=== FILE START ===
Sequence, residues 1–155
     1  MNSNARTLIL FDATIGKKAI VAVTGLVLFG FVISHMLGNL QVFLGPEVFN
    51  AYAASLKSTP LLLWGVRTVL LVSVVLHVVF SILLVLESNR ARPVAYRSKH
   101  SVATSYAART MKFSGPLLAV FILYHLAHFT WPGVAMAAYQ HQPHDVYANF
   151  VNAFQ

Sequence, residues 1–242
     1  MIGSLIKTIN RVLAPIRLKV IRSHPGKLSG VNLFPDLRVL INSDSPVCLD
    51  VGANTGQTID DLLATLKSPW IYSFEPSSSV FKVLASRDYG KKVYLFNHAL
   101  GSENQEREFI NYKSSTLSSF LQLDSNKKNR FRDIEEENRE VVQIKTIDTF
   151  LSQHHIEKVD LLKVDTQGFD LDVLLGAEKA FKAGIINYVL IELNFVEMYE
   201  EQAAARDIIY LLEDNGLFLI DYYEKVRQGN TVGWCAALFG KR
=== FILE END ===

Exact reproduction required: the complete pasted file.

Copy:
Sequence, residues 1–155
     1  MNSNARTLIL FDATIGKKAI VAVTGLVLFG FVISHMLGNL QVFLGPEVFN
    51  AYAASLKSTP LLLWGVRTVL LVSVVLHVVF SILLVLESNR ARPVAYRSKH
   101  SVATSYAART MKFSGPLLAV FILYHLAHFT WPGVAMAAYQ HQPHDVYANF
   151  VNAFQ

Sequence, residues 1–242
     1  MIGSLIKTIN RVLAPIRLKV IRSHPGKLSG VNLFPDLRVL INSDSPVCLD
    51  VGANTGQTID DLLATLKSPW IYSFEPSSSV FKVLASRDYG KKVYLFNHAL
   101  GSENQEREFI NYKSSTLSSF LQLDSNKKNR FRDIEEENRE VVQIKTIDTF
   151  LSQHHIEKVD LLKVDTQGFD LDVLLGAEKA FKAGIINYVL IELNFVEMYE
   201  EQAAARDIIY LLEDNGLFLI DYYEKVRQGN TVGWCAALFG KR